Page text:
Doing Environmental Studies During Times of Racialized Violence
In the last few weeks, two grand juries declined to indict the police officers who killed Michael Brown and Eric Garner. We, as scholars in the humanities and social sciences who are committed to environmental justice, cannot stay silent.
But what do any of us have to say?
Contextualizing the mobilization in Ferguson since August 9, 2014, Lisa Miller, a political scientist at Rutgers University, argues that Michael Brown’s killing, “should also prompt us to see the link between police violence and other deeply racialized deadly risks in American society that emerge from the same set of socio-political factors.” Miller refuses to understand these deaths at the hands of law enforcement as aberrant abuses of power. Rather, she aptly refers to these events as “racialized state failure” in which black Americans are disproportionately exposed to the risk of state violence.
Understanding these killings in terms of exposure and risk immediately resonates with the vocabulary of environmental justice. The environmental justice movement, born in the 1970s and 1980s, emphasized questions of the racialized and uneven exposure to urban environmental health hazards and risks. As a social movement and a theoretical framework, environmental justice makes tangible the deep-seated structural issues of racism in American life.
Now more than ever, as claims of a post-racial society assert the decreasing importance of race in American life, it is imperative to recognize environmental racism and its history of structural violence. By the same token, a sustained response to the instances of anti-black state violence in Ferguson, New York City, and across the country must speak to the multifaceted condition of being black in America: in short, the response must be at once economic, social, political, and environmental.
Already, many of our colleagues across the social sciences and humanities are speaking out. But there has not been a prominent scholarly contribution from the environmental humanities and social sciences that connects race, urban environments, and state violence.
What would such a contribution look like?
Members of the Center for Culture, History and Environment frequently engage with issues of environmental justice around race, exposure, and risk. Parsing these differential exposures and risks is difficult because they occur slowly, over large time frames—a process that Rob Nixon has called slow violence. Scholarship that uses slow violence, as both a concept and a call to action, makes visible the incremental but inextricable forms of violence against peoples and ecosystems. Reading the Brown and Garner killings and their histories in terms of slow violence establishes important connections for how these killings can be protested, responded to, and narrated as a call for sustained action.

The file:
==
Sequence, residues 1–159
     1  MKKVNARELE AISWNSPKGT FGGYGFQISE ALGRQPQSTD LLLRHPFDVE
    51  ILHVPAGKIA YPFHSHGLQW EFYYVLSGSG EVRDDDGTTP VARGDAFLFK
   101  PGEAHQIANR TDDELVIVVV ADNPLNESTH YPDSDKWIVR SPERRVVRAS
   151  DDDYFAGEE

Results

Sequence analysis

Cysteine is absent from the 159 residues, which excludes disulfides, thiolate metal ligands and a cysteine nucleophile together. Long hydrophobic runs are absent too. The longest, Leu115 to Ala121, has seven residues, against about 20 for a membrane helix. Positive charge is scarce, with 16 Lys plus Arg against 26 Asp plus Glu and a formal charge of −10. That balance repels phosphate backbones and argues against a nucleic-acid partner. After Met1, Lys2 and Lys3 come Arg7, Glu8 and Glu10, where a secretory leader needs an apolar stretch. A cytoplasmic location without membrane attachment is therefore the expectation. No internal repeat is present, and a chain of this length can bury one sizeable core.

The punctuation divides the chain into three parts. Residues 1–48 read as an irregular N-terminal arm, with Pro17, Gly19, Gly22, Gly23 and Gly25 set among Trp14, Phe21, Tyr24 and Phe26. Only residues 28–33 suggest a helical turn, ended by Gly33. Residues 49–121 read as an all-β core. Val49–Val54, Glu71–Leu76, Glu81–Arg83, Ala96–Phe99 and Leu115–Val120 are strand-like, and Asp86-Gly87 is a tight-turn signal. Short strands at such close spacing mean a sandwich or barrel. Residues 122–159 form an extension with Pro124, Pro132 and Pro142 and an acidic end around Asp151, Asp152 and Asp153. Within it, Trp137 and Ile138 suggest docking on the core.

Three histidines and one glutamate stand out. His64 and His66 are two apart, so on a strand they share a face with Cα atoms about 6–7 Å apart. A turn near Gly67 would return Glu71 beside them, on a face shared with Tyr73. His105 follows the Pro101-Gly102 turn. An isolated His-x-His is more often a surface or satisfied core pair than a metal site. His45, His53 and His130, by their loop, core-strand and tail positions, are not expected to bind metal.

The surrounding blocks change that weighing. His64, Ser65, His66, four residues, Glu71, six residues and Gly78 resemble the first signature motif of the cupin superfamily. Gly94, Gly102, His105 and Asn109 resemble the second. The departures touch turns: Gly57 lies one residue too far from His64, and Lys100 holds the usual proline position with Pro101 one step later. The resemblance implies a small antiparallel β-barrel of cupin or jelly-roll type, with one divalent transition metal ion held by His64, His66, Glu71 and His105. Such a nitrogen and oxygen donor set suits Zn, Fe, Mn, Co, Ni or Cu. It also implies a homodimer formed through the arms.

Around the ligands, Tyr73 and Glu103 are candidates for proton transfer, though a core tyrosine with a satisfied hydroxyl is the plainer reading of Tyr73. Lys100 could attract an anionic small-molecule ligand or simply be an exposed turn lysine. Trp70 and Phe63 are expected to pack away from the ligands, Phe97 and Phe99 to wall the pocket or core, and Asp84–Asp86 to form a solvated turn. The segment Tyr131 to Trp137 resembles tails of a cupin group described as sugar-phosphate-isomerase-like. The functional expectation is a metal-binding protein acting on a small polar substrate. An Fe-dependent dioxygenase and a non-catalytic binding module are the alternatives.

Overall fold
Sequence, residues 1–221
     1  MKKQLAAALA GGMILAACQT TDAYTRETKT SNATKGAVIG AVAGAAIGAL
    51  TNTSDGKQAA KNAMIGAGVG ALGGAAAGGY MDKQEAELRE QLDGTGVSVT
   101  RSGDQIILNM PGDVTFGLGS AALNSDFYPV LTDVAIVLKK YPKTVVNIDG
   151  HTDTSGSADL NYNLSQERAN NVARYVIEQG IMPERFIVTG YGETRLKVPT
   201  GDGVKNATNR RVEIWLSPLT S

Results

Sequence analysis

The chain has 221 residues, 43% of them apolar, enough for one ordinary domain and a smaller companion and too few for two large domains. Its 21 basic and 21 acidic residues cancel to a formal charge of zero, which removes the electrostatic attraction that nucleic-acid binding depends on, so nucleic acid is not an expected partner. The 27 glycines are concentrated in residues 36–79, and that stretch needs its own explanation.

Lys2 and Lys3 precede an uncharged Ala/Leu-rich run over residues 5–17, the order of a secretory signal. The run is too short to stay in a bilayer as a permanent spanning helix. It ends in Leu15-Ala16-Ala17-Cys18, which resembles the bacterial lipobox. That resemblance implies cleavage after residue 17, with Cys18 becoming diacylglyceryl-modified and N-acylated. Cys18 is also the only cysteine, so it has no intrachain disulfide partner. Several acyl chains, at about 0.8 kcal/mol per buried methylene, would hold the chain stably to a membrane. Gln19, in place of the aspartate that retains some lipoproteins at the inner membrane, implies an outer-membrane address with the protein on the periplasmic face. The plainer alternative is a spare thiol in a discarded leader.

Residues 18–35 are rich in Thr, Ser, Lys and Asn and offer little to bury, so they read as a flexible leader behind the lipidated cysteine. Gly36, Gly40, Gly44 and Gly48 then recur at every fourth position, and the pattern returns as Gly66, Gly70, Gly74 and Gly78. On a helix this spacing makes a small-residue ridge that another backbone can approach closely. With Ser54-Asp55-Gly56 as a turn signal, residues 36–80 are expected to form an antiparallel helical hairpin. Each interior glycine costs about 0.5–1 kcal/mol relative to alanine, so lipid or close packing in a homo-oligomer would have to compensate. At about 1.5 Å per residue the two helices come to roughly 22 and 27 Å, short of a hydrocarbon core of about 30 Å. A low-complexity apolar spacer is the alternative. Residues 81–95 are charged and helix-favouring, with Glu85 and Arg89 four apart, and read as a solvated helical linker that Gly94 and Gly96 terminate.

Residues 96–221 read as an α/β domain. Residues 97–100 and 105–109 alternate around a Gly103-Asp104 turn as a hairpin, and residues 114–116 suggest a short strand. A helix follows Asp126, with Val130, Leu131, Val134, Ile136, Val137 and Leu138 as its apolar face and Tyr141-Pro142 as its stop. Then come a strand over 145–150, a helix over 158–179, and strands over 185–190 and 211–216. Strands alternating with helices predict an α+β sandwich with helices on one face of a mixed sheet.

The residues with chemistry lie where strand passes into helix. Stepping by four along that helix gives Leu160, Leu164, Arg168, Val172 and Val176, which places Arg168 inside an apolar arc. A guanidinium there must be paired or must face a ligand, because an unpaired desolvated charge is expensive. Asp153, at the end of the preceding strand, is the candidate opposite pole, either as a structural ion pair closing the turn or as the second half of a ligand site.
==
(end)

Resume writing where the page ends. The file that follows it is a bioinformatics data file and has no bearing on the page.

Eric Garner, who suffered from asthma, died in a police officer’s chokehold, screaming, “I can’t breathe.” These horrifying last words have been transformed into a protest chant across the United States. But they must also be historicized, attuned to both slow violence and recent acts of police violence. Before Eric Garner was exposed to the act of state violence that killed him, he was caught up in what Gregg Mitman calls an “ecology of injustice that structures urban life.” In New York City’s ecology of injustice, “asthma disproportionately affects people of color living in impoverished inner-city communities.” These disproportionate rates of suffering are a result of differential exposure to health risks, such as living close to bus depots, polluting industries, cockroach allergens, and pesticides.
Rather than claiming a direct connection between, say, asthma and police brutality, we are recruiting concepts such as slow violence and ecologies of injustice to unpack the complexity of the events surrounding the deaths of Michael Brown, Eric Garner and other victims of racialized state violence. Moreover, it connects the recent killing to a broader history of unjust urban ecologies that expose some people to risk more than others. The environment thus becomes not a marginal concern, but a central issue in understanding risk and exposure in the struggle for justice.
Admittedly, it is hard to know where to go from here. There are many forms of silence, and varied reasons for not speaking, some of which include uncertainty and caution. But the terms we have identified–ecology, complexity, scale, violence, history, risk, exposure–resonate broadly beyond environmental studies to address the current moment.
One could imagine a world in which a victim’s history of asthma and environmental exposure was used to exonerate an act of police brutality. Without mobilizing these critical concepts in environmental studies, our work can be made complicit in perpetuating anti-black state violence.
Featured image by journalist and filmmaker Shirin Barghi.
Danya Al-Saleh is a PhD student in the Department of Geography at the University of Wisconsin-Madison, working on globalized higher education, urbanization, and subjectivity with an area focus on the Arabian Peninsula. Her dissertation research will focus on Education City in Doha, Qatar, a physical and administrative campus composed of six U.S. branch universities. Contact.
Mohammed Rafi Arefin is a PhD Student in the Department of Geography at the University of Wisconsin-Madison. His research interests include urban geography, waste, psychoanalytic geography, and development. He explores these interests in projects on the relationship between garbage, culture, power, and politics. His work has taken him to Cairo to examine the politics of garbage in the January 25 Revolution. Other projects include work on representations of hoarding and hazardous waste. Contact.